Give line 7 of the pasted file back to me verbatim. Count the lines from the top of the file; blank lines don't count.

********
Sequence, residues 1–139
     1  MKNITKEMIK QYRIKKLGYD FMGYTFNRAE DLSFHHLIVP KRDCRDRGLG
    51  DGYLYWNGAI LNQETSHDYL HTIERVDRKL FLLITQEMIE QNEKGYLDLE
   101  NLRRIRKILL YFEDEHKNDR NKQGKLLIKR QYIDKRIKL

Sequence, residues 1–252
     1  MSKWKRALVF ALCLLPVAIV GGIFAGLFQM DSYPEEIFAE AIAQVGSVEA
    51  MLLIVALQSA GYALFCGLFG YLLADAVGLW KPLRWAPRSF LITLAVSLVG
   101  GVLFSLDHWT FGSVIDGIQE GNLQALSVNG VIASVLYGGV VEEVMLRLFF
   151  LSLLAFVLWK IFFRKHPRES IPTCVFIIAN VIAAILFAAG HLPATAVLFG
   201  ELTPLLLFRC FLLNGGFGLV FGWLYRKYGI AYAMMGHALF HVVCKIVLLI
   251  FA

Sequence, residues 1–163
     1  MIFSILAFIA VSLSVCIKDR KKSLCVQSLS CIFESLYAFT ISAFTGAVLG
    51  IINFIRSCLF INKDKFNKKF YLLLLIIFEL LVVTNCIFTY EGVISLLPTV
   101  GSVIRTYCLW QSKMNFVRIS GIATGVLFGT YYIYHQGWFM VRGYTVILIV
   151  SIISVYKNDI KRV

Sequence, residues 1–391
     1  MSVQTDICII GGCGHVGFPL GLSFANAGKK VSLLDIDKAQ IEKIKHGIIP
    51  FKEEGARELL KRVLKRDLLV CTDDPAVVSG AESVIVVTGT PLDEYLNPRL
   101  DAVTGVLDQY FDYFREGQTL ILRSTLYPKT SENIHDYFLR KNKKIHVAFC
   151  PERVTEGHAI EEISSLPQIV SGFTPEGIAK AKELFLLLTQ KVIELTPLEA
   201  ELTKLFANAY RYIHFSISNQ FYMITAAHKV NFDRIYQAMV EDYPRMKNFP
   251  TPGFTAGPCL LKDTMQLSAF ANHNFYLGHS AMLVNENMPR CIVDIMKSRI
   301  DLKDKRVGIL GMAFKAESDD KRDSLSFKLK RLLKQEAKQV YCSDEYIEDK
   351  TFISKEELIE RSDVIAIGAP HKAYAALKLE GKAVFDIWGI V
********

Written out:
    51  MLLIVALQSA GYALFCGLFG YLLADAVGLW KPLRWAPRSF LITLAVSLVG